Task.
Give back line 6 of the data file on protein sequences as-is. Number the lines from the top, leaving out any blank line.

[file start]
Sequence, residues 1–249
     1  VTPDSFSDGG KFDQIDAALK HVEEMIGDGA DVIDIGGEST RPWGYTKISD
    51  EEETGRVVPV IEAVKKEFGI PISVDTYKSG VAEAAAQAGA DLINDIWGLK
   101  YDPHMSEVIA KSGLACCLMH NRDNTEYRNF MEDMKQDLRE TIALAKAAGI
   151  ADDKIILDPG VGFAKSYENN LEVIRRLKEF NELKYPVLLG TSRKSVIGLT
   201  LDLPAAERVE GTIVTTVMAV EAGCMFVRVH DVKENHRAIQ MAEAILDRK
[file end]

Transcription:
   201  LDLPAAERVE GTIVTTVMAV EAGCMFVRVH DVKENHRAIQ MAEAILDRK